Tennis has always had a bit of a problem generating meaningful tournaments outside the slams. There are those awful weeks where three events are on, with the top 60 players scattered around the globe and hardly an interesting match in sight until perhaps the semis.<br /><br />So. What to do? Well, the ATP created the Masters Series. They were the nine big events outside the slams (not counting the 8-man end of season event) and they had more money, more prestige than other events. But still this wasn’t good enough. So, in their wisdom, the ATP changed the ranking system. When introducing the Champions Race, they decided that the Masters events were an essential part of a players’ ranking. In other words, skip Monte Carlo and those points are bust.<br /><br />Problem solved. Nine events that no player (top or otherwise) could afford to miss. Better matches. More revenue. Everybody’s happy.<br /><br />Well, the Madrid Masters will go down as the event that blew that theory off court. Of the top 10, let’s see who is missing, shall we? Federer (1, tired), Roddick (2, elbow), Hewitt (3, personal), Coria (4, not sure), Moya (6, injured I suppose), Gaudio (8, whatever). Those six don’t seem to worried about missing out on the ranking points or prize (ahem, appearance) money.<br /><br />Tim Henman is top seed, which is nice for him, but he is hardly the biggest name in tennis. Lest we forget, he is yet to reach a Slam final. <br /><br />But the real worry is the gimmicks. Using leggy models as ballgirls smacks of utter desperation. As if no-one is going to notice that Federer isn’t there. Welcome to a new sporting low.
There is something about the plaudits about Shane Warne becoming the leading wicket-taker in test cricket that I don’t like.<br /><br />1 – He’s not going to have the record very long. As soon as Muralitharan gets a good run, he’ll get the record back. This ping-pong between the two could get tiresome. Do we have to salute both men each time the record changes hands? Yawn.<br /><br />2 – He is a horrid sex-pest drugs-cheat. Warne has a nasty track record. Perhaps he was just misrepresented, but too many stories about him have come out without there being something a bit dark underneath. And the whole “my mum gave me a diuretic by mistake” sham was a sorry excuse for failing a drugs test. He was fast-tracking himself back from injury. But drugs are no way to do it.<br /><br />3 – All the claims that he “reinvented the art of legspin bowling” are, as far as I can tell, nonsense. He is an excellent bowler, of course, but reinventing is a stupid term. He just does it very well.<br /><br />What you can’t deny are his superb figures, which are actually very similar to Murali’s. The problem is, we are looking at a “chucker” vs a drugs cheat. Pity there isn’t a nicer story in there somewhere.<br /><br />Name Mat Balls M R W Ave Best 5 10 SR Econ Team<br /><br />SK Warne 114 31850 1492 13743 537 25.59 8-71 28 8 59.7 2.56 AUS<br />M Muralitharan 91 31124 1380 12165 532 22.86 9-51 44 13 58.5 2.34 SL<br />(stats from <a href=”http://www.cricinfo.com/db/STATS/TESTS/BOWLING/TEST_BOWL_MOST_WKTS.html” target=_new>Cricinfo</a>)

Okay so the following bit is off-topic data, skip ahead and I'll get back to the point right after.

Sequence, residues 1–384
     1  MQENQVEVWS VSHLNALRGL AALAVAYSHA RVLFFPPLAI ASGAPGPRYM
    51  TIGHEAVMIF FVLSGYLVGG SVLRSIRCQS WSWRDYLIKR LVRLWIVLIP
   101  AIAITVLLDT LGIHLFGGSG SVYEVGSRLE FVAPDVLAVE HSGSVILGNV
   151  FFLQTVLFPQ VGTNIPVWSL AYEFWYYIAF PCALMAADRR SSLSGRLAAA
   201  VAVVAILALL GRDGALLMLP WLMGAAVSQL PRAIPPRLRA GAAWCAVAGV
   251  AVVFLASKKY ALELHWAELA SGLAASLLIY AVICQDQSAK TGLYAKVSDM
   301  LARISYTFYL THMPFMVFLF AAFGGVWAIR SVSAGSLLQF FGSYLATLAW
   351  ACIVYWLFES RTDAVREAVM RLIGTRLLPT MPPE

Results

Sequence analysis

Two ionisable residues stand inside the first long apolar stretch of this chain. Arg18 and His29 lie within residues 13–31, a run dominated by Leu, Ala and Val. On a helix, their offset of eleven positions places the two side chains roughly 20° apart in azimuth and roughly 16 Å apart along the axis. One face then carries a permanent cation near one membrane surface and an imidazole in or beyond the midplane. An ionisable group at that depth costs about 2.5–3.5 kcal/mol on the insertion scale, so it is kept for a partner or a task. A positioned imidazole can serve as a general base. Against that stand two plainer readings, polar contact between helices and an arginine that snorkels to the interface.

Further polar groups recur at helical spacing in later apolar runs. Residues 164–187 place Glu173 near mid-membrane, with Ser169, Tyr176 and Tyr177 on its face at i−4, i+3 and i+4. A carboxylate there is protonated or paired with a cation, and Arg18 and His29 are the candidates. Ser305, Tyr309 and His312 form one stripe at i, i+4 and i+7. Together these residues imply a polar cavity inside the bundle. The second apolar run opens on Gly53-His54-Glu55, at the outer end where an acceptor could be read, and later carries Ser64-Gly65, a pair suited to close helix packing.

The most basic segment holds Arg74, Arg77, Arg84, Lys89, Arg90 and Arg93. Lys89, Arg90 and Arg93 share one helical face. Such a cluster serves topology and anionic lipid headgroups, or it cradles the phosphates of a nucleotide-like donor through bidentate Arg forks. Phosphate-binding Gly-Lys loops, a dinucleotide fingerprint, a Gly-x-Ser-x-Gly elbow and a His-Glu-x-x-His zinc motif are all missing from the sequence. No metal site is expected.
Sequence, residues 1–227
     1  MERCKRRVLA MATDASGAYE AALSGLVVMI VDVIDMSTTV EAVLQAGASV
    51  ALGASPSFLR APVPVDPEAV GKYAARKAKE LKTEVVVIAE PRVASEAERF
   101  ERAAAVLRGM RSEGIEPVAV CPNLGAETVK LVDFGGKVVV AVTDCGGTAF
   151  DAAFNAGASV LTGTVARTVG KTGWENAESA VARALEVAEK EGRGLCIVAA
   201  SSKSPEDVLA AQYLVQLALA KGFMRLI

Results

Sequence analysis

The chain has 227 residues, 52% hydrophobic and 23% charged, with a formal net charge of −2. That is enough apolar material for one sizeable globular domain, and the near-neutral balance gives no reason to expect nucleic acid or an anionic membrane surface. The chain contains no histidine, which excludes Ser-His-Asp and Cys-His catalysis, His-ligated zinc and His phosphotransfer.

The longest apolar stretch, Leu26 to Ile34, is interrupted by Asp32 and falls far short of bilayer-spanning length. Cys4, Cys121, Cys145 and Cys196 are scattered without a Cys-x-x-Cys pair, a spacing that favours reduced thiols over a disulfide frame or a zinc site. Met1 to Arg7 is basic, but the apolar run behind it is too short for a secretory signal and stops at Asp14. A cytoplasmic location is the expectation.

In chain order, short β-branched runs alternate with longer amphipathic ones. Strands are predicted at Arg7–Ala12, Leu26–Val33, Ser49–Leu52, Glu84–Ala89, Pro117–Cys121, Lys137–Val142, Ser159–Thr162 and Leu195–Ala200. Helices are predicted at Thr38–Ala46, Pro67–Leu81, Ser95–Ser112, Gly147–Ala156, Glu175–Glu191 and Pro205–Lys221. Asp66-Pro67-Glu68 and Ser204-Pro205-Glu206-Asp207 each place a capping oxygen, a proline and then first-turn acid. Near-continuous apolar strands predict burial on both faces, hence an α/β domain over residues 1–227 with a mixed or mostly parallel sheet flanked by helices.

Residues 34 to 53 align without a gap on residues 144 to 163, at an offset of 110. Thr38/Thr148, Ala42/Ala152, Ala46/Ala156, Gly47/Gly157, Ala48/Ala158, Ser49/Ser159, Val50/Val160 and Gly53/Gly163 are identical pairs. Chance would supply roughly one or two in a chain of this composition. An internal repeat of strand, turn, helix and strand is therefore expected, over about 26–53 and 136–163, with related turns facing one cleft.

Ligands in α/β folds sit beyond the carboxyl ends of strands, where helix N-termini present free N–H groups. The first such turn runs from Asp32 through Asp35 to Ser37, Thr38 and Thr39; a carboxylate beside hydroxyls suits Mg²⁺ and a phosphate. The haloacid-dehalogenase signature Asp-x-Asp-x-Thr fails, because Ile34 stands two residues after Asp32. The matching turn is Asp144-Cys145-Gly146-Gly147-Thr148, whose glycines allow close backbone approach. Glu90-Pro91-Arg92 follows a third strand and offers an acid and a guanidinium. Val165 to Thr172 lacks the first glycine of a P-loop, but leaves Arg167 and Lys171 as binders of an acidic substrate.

Captaincy is a tricky beast. All the attributes of respect, communication and leadership can go to pot if a captain isn’t worth his place on the field. Making someone your captain indefinitely is therefore one of the biggest risks in sport. <br /><br />Some captains are inspired choices. Some are disasters. The disasters in some ways are easier to deal with. Ian Botham, perhaps the greatest cricketer England has ever produced, was a crap captain. His reign was mercifully short (12 matches, 8 draws and 4 losses). Philip de Glanville was a terrible choice as rugby captain, as his inclusion kept apart for a season the best centre pairing England had ever had, Carling and Guscott.<br /><br />Some captains are the natural successor (Michael Vaughn), some step into the void and make it their own (Martin Johnson). So what kind of captain is Jonny Wilkinson? Bit of both, at this stage. He fulfills one key criteria, that he is the first name on the teamsheet. But clearly, he is the best candidate for the job – young, but experienced; talented but modest; fearless on the pitch. <br /><br />Some commentators have queried his media-friendliness, or his supposed introvert nature. But Johnson was equally quiet when he started in the job. Both he and Wilkinson lead the way by performance and ability to handle pressure. <br /><br />Also, there is a clear relationship needed between coach and captain. Think Nasser Hussain and Duncan Fletcher; Beckham and Eriksson. Wilkinson gets along well with the new England coach, Andy Robinson, and their partnership may well flourish. But this raises the ugly spectre of “What happens if the captain loses form and should be dropped?”. All hell can break lose. This is why captains need to know the time to go. Shearer got it right (just). Johnson was almost too early. Hussain knew the writing was on the wall. Others completely outstay their welcome.<br /><br />Beckham may not posses the self-awareness to see a better captain-in-waiting, when clearly the best player for England in the last few seasons has been Gerrard, who would probably be a better leader too. Wilkinson may turn out to be a good or even great captain. He will certainly never be a Botham or a de Glanville. Assuming he keeps his form at 80% or better, his place in the team will never be in doubt. But at some stage, hopefully way in the future, he will have to step aside. I just hope he knows when.